Keyon Dooling is from Ft Lauderdale, Florida. He transferred to Dillard High School as a senior to team with longtime friend Clarence Gilbert. Dillard High School is a historic public school located in Fort Lauderdale. Dillard was established in 1907 and is a magnet school for African American students for Computer Technology and Performing Arts. Dooling helped lead Panthers to a 27-7 record and the Class 6A final four. He averaged 22 points, 6 assists, 6 rebounds and 5 steals a game as a senior and was named a third-team Parade All-American. As a junior, playing at Cardinal-Gibbons, he earned Class 4A all-state honors after averaging 14.6 points and 4.8 assists per game. HE led his team to the 4A final four that season, and also made trip to final four as a freshman.
Dooling played two seasons at the University of Missouri before becoming an early entry candidate for the 2000 NBA Draft. He appeared in 58 career games for the Tigers, averaging 12.1 points, 3.4 assists and 2.4 rebounds. As a sophomore, he led Missouri in scoring, assists and blocked shots, and was named Second Team All-Big 12. He averaged 15.3 points, 3.6 assists and 2.7 rebounds while leading Missouri to the 2000 NCAA Tournament.
Dooling was selected by the Orlando Magic with the 10th overall pick of the 2000 NBA Draft but was traded on draft day to the Los Angeles Clippers along with Corey Maggette, Derek Strong and cash for a future first-round selection. He played 4 seasons with the Clippers and signed with the Miami Heat as a free agent for the 2004–05 season. He returned to the team that originally drafted him, in the 2005 NBA off-season. He backed up both guard positions during his three-years with the Magic. In 2008, Dooling was traded to the New Jersey Nets where he posted career highs in points, assists, and minutes per game in his first season with the team. He played one more season with the Nets and then signed with the Milwaukee Bucks for the 2010-11 season. Dooling played 80 games for the Bucks with 22 starts, averaging 7.1 points and three assists He was traded to the Celtics before the 2011-12 lockout season.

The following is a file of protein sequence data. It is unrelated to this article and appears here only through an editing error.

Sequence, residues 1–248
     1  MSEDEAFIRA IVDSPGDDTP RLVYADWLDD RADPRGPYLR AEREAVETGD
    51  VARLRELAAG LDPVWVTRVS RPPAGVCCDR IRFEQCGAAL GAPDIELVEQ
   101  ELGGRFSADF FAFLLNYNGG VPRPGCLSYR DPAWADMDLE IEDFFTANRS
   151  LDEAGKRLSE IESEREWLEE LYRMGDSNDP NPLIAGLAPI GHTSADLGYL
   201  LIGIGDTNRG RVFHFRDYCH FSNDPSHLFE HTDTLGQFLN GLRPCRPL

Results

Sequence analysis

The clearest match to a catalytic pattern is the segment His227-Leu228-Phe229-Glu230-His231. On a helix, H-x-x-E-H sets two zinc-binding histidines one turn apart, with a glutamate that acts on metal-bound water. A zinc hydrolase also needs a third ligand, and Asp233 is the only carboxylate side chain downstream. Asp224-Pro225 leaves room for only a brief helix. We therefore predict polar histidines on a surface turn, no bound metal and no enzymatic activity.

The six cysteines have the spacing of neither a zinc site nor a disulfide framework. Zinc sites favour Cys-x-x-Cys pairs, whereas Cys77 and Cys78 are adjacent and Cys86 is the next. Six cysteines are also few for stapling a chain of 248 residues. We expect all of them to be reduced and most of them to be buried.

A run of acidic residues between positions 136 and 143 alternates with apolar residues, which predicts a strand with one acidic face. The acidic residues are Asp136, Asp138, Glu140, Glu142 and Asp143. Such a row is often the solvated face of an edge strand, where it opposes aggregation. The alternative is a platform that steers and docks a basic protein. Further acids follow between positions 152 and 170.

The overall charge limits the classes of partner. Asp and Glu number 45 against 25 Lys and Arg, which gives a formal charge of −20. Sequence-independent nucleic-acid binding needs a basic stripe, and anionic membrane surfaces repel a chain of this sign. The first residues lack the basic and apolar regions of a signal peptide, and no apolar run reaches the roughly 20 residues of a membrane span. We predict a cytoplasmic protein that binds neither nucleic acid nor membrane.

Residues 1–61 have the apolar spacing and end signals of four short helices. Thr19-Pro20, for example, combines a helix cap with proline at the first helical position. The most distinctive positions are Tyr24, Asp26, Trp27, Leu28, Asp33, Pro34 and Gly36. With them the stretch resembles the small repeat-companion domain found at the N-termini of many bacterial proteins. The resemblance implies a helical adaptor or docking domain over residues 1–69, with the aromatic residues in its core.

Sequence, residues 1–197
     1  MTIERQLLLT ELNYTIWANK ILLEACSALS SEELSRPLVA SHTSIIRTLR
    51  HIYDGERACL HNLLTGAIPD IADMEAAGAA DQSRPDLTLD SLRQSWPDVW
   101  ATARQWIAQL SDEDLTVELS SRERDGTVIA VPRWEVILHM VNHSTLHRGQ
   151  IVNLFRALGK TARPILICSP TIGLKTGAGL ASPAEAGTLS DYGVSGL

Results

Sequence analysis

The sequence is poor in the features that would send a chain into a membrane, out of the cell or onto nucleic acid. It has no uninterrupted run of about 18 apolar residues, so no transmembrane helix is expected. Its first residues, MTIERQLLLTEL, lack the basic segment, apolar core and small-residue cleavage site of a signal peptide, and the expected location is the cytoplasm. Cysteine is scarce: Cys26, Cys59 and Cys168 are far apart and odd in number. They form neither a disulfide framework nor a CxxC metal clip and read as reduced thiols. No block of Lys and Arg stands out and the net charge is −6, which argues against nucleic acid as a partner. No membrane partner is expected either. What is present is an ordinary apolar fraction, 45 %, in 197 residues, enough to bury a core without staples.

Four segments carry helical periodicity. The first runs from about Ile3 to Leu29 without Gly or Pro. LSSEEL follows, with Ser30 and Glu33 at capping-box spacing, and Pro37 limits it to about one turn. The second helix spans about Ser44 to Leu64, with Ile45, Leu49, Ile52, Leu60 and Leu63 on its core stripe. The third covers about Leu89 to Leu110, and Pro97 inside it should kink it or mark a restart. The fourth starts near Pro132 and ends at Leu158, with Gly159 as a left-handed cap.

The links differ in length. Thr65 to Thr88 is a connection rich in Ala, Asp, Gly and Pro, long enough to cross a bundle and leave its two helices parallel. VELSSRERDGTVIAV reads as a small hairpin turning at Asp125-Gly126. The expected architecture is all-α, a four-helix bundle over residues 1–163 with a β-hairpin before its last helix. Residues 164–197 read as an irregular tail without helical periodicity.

In the shortened lockout season, Dooling played in 46 games, starting 2 of them. He averaged 4 points and 1.1 assists in just over 14 minutes per game. But Dooling's biggest contributions weren't on the court. For one thing, he and Marquis Daniels came up with a sidelines dance they called "Flexin'" that brought smiles to the faces of Celtics fans and greatly annoyed the other team's fans.
But his greatest contributions were in the locker room. Dooling also impressed on each bench player that, at some point, each bench player was going to be needed to play crucial minutes and he helped each one to be ready for those minutes. After Game 5 of the Eastern Conference semifinals against Philadelphia last season, Brandon Bass relayed that the Celtics received "a sermon from Rev. Dooling" that helped turn a 50-47 halftime deficit into a 101-85 win for the Celtics. Perhaps his most important contribution was that he was able to connect with the mercurial Rajon Rondo and was a mentor to him on all things on and off the court.
Dooling's leadership extends to the NBA as well as the Celtics. He currently serves as the Vice President for the NBA Players Association. Rev. Dooling will be on duty again this season to mentor Rondo, to make sure that every reserve is ready to play when needed, and that no one slacks off on the job.
I was quite disappointed at his PG play. He seems unable to see the game as a whole and to facilitate. spreads the court when he is on, rather worthless when he is not. Plays energetic defense but oddly ineffective, lots of unproductive movement but not adept at staying in front of his assignment. I predicted that he will see less than 10 mpg this season. But ya gotta love the intangibles.